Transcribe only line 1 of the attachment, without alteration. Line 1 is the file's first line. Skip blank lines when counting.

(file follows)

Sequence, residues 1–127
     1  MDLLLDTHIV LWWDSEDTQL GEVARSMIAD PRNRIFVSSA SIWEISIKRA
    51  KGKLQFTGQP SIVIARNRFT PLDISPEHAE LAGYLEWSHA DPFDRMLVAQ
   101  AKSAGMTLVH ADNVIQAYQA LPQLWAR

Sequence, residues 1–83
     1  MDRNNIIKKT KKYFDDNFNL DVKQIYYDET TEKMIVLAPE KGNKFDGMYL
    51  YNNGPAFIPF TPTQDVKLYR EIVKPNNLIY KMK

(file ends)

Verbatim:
Sequence, residues 1–127